The Bengals lost their Nos. 2 and 3 receivers in free agency, Marvin Jones and Mohamed Sanu. Thus, they'll be looking for help at the position early and often in the 2016 NFL Draft. Cincinnati has shown a ton of interest in Corey Coleman, who would be a great complement for A.J. Green.
*** OTHER 2016 NFL DRAFT POSSIBILITIES: ***
1. Josh Doctson, WR - The Bengals met with two receivers more often than anyone else at the position this offseason: Doctson and Coleman. I think the former goes here if available.
2. William Fuller, WR - As you can tell, I think this is going to be a receiver.
Rd. 2, Pk. 24
Tyler Boyd, WR, Pittsburgh
Back-to-back receivers? Well, the Bengals did select consecutive offensive tackles in the 2015 NFL Draft, so there's definitely a history of this sort of strategy. Besides, I don't think Andy Dalton will complain about another weapon.
Pick change; previously Emmanuel Ogbah, DE
Rd. 3, Pk. 24
Connor McGovern, G, Missouri
The Bengals don't need a guard right now, but that may not be the case next year, when Kevin Zeitler hits free agency.
Pick change; previously Javon Hargrave, DT
Rd. 4, Pk. 24
Briean Boddy-Calhoun, CB, Minnesota
Pacman Jones was terrific this past season, but with he and Leon Hall both older than 30, the Bengals will have to find some young blood at cornerback.
Rd. 5, Pk. 22
DeAndre Houston-Carson, FS, William & Mary
The Bengals lost Reggie Nelson this offseason, so they'll need to add another safety to the mix.
Pick change; previously Daniel Braverman, WR
Rd. 6, Pk. 23
Alex Redmond, G, UCLA
The Bengals have three key offensive linemen who will become free agents after 2016, so adding depth up front is key.
Rd. 7, Pk. 24
Josh Forrest, ILB, Kentucky
The Bengals will be looking for some linebacker depth after cutting A.J. Hawk.
Cincinnati needs an edge rusher to pair with Carlos Dunlap. I think the Bengals would be very happy to have Solomon Thomas here, but he's off the board. There is a lot of chatter that the Bengals love John Ross, and he would make sense as their offense.
Ross (5-11, 188) was a very productive wideout for Washington in 2016 with 81 receptions for 1,150 yards and 17 touchdowns. For the NFL, he will have to fit as a speedy, shifty slot receiver as he is very undersized. If Ross can add some weight, he could be a Brandin Cooks-type receiver. Otherwise, Ross might be more similar to Sterling Shepard or Tavon Austin. Ross has good hands, route-running, and is fast. He could be a mismatch weapon as a slot receiver.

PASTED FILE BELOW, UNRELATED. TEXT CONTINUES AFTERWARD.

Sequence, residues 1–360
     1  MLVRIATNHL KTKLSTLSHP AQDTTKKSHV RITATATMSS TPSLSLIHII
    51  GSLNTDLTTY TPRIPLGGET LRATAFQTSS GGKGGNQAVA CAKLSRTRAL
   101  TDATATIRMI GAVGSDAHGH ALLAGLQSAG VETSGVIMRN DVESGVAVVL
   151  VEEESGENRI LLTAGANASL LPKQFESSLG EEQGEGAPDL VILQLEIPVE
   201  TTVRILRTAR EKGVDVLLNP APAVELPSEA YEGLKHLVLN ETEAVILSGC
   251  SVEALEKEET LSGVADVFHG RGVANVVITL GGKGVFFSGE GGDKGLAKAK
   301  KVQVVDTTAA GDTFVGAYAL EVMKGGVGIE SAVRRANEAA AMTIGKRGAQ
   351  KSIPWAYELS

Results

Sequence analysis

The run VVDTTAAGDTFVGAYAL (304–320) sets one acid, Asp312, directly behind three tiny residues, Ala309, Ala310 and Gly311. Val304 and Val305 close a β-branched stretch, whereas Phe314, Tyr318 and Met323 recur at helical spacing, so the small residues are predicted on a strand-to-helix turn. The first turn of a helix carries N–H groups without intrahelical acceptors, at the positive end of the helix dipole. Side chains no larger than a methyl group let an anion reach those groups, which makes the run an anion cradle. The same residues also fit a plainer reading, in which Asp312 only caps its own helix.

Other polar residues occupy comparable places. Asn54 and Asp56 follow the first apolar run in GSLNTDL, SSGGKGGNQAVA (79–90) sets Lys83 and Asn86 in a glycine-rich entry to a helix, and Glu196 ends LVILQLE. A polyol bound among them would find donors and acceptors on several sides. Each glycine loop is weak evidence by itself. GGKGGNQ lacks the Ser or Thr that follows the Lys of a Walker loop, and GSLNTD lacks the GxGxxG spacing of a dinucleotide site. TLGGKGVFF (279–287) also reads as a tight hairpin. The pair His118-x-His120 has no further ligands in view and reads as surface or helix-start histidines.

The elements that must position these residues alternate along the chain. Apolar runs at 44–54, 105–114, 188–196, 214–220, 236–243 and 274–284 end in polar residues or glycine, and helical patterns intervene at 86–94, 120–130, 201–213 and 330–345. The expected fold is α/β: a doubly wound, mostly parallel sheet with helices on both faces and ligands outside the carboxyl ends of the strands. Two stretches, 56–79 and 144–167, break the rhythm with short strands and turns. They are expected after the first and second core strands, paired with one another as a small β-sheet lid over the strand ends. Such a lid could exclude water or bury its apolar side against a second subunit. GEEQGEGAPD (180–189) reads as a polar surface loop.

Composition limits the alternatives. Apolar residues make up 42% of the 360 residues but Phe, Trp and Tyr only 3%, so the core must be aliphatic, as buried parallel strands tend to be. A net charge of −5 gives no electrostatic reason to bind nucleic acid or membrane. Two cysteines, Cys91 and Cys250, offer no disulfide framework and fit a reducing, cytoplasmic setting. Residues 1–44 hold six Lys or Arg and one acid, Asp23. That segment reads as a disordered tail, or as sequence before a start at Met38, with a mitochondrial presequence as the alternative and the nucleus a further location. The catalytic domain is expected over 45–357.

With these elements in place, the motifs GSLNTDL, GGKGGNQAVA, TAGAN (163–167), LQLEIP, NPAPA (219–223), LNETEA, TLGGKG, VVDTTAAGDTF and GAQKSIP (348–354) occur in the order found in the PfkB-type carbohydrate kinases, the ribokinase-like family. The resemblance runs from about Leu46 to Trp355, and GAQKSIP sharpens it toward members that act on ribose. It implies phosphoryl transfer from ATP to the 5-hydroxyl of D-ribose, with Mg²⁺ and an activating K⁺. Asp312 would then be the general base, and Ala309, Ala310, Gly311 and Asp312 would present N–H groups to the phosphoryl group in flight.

As a sophomore (17-371-4) and freshman (16-208-1) Ross contributed some, but the junior took on a bigger role in 2016.
Rd. 2, Pk. 2
Tyus Bowser, OLB, Houston
The Bengals could use some young linebacker talent and another edge rusher across from Carlos Dunlap. Bowser addresses both needs.
In 2016, Bowser had 47 tackles with 12 tackles for a loss, 8.5 sacks, one forced fumble and one pass batted. He was a tough edge rusher for Houston. Bowser could fit as a 3-4 outside or inside linebacker, and he could play inside on run downs and move to rush off the edge in passing situations. In a 4-3 defense, Bowser (6-2, 244) would fit as a Sam - strongside - linebacker and could rush off the edge in obvious passing situations.
Rd. 3, Pk. 3
Dawuane Smoot, DE/3-4OLB, Illinois
The Bengals grab another edge rusher for their defense.
During the fall, there was a good amount of hype about Smoot as a few ESPN draft analysts projected him among the top-10 prospects for the 2017 NFL Draft. In speaking with multiple NFL teams, they say they initially graded Smoot as a late first-rounder before lowering him into the middle region of Day 2. Smoot totaled 56 tackles and 15 for a loss, five sacks, two forced fumbles and one pass batted in 2016.
Sources say that Smoot is very athletic and explosive off the edge. However, they feel the 6-foot-2, 255-pounder, despite being strong for his size, is more disruptive than productive, and that could be the case for him in the NFL. They believe Smoot is the kind of player who will place a lot of pressure on the quarterback, but net only a few sacks. Starting across from Jihad Ward in 2015, Smoot had a strong junior season as he totaled eight sacks with 15 tackles for a loss, 40 tackles, two passes batted and three forced fumbles.
Rd. 4, Pk. 4
Kendell Beckwith, ILB, LSU
The Bengals could use multiple linebackers as they have a few veterans entering free agency after this season.
In 2016, Beckwith totaled 91 tackles with six for a loss, one sack and four passes broken up. He played well in 2015 for LSU as a physical in-the-box presence. On the year, the junior totaled 84 tackles with 10 tackles for a loss, two forced fumbles and a pass batted. As a sophomore, he had 77 tackles with three pass breakups, two sacks and an interception.
Beckwith (6-2, 243) was a strong tackler and good at taking on blocks in college. He needs to improve his pass-coverage skills for the NFL though, but teams really liked him before he got injured.
Rd. 4, Pk. 4
Tyler Orlosky, C, West Virginia
The Bengals could consider some interior offensive line competition after losing Kevin Zeitler.
Orlosky is good in the ground game and generally reliable in pass protection. The 6-foot-2, 292-pounder could develop into a starting center in the NFL. He isn't overly strong, but gets in good position and is an angle blocker.
Rd. 5, Pk. 5
Ryan Glasgow, DT, Michigan
The Bengals could use some interior defensive line depth and competition.
Rd. 5, Pk. 5
Deangelo Yancey, WR, Purdue
The Bengals could target multiple receivers in the 2017 NFL Draft and have shown interest in Yancey.
Rd. 6, Pk. 6
Rayshawn Jenkins, S, Miami
The Bengals could use some safety depth and competition.
Rd. 6, Pk. 6
Dan Skipper, OT, Arkansas
The Bengals get some right tackle more depth as Andre Smith will probably start with Cedric Ogbuehi or Jake Fisher moving to guard.
Rd. 7, Pk. 7
Josh Thornton, CB, Southern Utah
The Bengals get more secondary depth and hosted Thornton.
NFL.com Comparison: John Brown
My Comparison: Kendall Wright
Instant blur off the snap. Feet turn over at a blinding pace and he devours cushion before cornerbacks know what hit them. Able to get over the top of every corner he faced and demands safety help over the top. Works back to the ball. Explosive leaper with ability to climb ladder and win the 50/50 ball and body control to secure the acrobatic catch. Touchdown maker finishing 2015 with 20 receiving touchdowns. Smooth, speedy stems to the post will be difficult to mirror and match for NFL cornerbacks. Easy route adjustments in space. Defenders who try to jam and miss pay the iron price (touchdowns). Able to make tacklers miss in tight spaces. Has experience as ball carrier and punt returner. Heavily targeted (39 percent) in Baylor's high-flying attack.